When Curious George was born 75 years ago this month, his German Jewish parents, H.A. and Margaret Rey, were fleeing the Nazis. They took George with them, in the form of a manuscript. As Alison Lobron notes in The Boston Globe:
Three generations children have grown up with Curious George, who celebrates his 75th birthday this month and continues to star in several new stories a year. He’s still inquisitive and prone to find trouble. But as tastes and publishing standards changed, George lost some of his curiosity — and his adventures have largely lost the element of danger.
Of course! Like the children’s bible one commenter once wrote in about, which said, “Then Jesus went away,” making it sound as if He spent a long weekend in Bermuda, Curious George’s struggles have considerably lightened. The original books, Lobron writes,
…were sometimes funny and sweet, but they were also scary. In “Curious George Flies a Kite” (1958), George takes a frightening airborne voyage after flying a kite without permission. Floating high up above his town, George didn’t exactly enjoy the view. He “did not like it a bit. He wanted to get down, but how? Not even a monkey can jump from the sky. George was scared.”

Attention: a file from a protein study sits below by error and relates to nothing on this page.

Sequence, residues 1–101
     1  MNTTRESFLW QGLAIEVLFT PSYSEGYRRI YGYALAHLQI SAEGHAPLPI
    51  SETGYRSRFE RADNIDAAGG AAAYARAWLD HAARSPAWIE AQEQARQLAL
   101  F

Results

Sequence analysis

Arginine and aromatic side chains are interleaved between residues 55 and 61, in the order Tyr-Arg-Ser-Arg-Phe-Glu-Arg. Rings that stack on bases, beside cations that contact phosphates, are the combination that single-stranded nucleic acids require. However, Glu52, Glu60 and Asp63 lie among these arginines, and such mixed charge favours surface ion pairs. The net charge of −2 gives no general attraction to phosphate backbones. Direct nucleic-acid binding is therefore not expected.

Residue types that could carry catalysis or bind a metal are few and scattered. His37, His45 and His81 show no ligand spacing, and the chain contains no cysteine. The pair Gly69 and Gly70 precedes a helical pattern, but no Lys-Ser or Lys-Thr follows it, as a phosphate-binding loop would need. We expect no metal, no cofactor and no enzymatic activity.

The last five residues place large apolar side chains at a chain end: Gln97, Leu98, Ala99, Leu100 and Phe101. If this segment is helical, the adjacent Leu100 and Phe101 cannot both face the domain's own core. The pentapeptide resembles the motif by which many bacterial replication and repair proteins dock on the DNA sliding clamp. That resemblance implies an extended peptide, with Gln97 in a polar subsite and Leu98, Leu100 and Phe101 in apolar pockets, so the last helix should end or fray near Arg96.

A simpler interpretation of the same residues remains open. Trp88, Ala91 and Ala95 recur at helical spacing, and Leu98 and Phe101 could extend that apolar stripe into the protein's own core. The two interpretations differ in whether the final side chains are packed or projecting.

Other early stories feature similar frights. While being chased by angry grown-ups, he jumps off a fire escape and breaks his leg. He rides a rocket into outer space — two years before Sputnik! — aware of the distinct possibility he might not come back down. And, of course, George’s first encounter with the Man with the Yellow Hat is truly terrifying: George is snatched from his home in an African jungle, a scene whose imperialist overtones are disturbing, on a different level, for today’s readers.
Though far less gory than the original Grimms’ fairy tales, George’s experiences are extreme versions of situations that children might encounter. George always comes out right in the end, but the happy endings don’t erase all the scary parts that came before.
But in the past generation, new stories added to the George oeuvre have the monkey doing things like —
making a mess in the kitchen or upsetting a bookstore manager by building a tower of books. Things always wind toward some incredibly nice resolution, on a scale far too grand for whatever mistake prompted the episode.
The books are like the literary equivalent of a giant, high-five “Good job, buddy!” for a kid who does half a somersault. Let’s pretend that’s the greatest thing ever!
So let’s call these new books by their true name. Not Curious George. Cautious George, a little monkey who plays it safe. If “plays” is the word.
And if you want to come up with the names of some other, newly cautious classics, feel free! – L.